Japan’s new nuclear regulatory agency has adopted a larger view of active fault lines to anything that has shifted in the last 400,000 years. Japan Times reports this will by put into new laws that go into effect next July. It is not clear if this new standard will be imposed on the Oi nuclear plant now or in July.
Previously the team of geologic experts and NRA staff were split on Oi’s fault under the plant being active or not. The 400,000 year definition would put it in the active category. NRA has not made any declaration on Oi but did confirm any reactor with a “black” or “dark grey” probability of being active would be shut down.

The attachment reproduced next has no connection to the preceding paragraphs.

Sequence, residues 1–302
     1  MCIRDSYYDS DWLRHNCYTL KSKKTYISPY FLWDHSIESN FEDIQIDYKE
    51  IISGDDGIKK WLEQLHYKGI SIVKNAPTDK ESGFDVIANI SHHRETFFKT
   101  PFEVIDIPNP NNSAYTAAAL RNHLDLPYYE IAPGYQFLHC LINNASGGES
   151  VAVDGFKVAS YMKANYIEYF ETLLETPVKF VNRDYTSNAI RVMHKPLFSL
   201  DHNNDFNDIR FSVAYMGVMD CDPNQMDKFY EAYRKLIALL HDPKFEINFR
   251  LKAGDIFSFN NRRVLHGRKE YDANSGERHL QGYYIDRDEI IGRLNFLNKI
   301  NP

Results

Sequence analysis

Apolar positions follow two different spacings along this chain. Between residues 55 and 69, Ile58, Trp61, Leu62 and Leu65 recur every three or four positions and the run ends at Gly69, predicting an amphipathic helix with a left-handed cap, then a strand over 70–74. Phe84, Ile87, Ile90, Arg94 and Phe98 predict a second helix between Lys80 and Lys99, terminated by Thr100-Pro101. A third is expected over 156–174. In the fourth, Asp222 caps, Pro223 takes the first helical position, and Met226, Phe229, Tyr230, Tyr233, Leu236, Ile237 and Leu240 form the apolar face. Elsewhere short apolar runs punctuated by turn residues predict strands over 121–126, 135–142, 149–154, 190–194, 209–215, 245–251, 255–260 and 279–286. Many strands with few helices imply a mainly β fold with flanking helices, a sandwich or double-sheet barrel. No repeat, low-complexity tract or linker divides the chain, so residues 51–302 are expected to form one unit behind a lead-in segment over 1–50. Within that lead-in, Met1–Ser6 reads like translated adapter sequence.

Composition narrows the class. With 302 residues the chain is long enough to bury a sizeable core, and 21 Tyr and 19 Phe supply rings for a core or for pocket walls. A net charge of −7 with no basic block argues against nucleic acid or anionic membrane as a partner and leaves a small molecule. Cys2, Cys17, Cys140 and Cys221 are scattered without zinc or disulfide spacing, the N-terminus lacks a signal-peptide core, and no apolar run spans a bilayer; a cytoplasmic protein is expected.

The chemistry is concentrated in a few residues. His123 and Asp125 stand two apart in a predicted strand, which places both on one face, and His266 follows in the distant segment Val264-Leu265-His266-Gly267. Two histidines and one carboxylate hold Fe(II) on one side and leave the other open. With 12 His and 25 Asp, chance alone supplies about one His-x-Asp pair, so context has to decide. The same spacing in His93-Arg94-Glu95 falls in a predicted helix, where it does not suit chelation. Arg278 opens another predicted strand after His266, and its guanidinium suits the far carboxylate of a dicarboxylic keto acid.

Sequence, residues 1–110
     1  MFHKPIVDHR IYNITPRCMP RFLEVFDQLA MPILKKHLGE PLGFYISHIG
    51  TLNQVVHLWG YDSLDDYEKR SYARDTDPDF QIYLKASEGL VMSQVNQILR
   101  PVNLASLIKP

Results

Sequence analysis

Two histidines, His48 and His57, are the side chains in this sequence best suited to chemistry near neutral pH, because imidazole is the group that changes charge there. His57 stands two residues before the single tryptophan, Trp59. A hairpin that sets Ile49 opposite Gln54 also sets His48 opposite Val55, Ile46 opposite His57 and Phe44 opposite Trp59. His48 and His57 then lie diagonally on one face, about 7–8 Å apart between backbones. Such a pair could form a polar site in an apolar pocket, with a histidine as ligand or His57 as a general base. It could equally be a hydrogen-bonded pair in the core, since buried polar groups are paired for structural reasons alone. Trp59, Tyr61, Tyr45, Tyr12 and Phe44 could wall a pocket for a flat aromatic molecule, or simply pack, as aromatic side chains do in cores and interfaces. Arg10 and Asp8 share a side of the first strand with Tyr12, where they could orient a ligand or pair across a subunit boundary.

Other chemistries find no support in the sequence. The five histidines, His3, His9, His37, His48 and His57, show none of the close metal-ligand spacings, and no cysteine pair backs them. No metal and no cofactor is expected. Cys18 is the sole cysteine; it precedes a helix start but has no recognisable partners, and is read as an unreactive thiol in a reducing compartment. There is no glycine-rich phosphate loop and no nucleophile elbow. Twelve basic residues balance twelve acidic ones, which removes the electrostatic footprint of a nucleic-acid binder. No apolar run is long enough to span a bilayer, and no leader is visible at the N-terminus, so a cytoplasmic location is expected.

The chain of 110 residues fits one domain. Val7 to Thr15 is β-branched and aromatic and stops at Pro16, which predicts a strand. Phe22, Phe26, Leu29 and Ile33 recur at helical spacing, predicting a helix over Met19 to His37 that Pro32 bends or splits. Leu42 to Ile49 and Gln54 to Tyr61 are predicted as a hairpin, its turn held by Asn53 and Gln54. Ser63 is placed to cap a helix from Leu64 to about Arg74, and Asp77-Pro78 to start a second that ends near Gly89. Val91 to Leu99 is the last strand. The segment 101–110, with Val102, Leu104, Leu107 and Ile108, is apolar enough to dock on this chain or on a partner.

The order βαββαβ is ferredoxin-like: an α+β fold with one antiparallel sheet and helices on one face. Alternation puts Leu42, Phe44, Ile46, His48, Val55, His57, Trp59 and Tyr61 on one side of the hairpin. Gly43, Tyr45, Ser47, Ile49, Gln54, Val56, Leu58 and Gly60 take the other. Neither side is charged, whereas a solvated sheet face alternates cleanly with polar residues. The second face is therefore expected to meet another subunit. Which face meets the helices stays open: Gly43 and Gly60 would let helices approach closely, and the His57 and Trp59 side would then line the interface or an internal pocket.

The team will now move on to do the same inspections at Tsuruga, Mihama, Monju, Shika and Higashidori nuclear plants. Certain US government agency and private sector representatives have been pressuring Japan to continue its nuclear program in spite of the disaster at Fukushima and the new findings of risk at other plants around Japan.
One specific reactor this group of US people were urging to keep open was the Monju fast breeder reactor. The reactor is an experimental project that has been plagued with expensive problems and has never worked properly for any extended period of time. The US does not possess a fast breeder reactor anymore after Congress cut funding considering it to be a financial waste of money. Uranium would have to be $165 per pound for the technology to be commercially viable and the reactor design actually creates more plutonium making it a considerable proliferation risk. Uranium currently hovers around $50 per pound.
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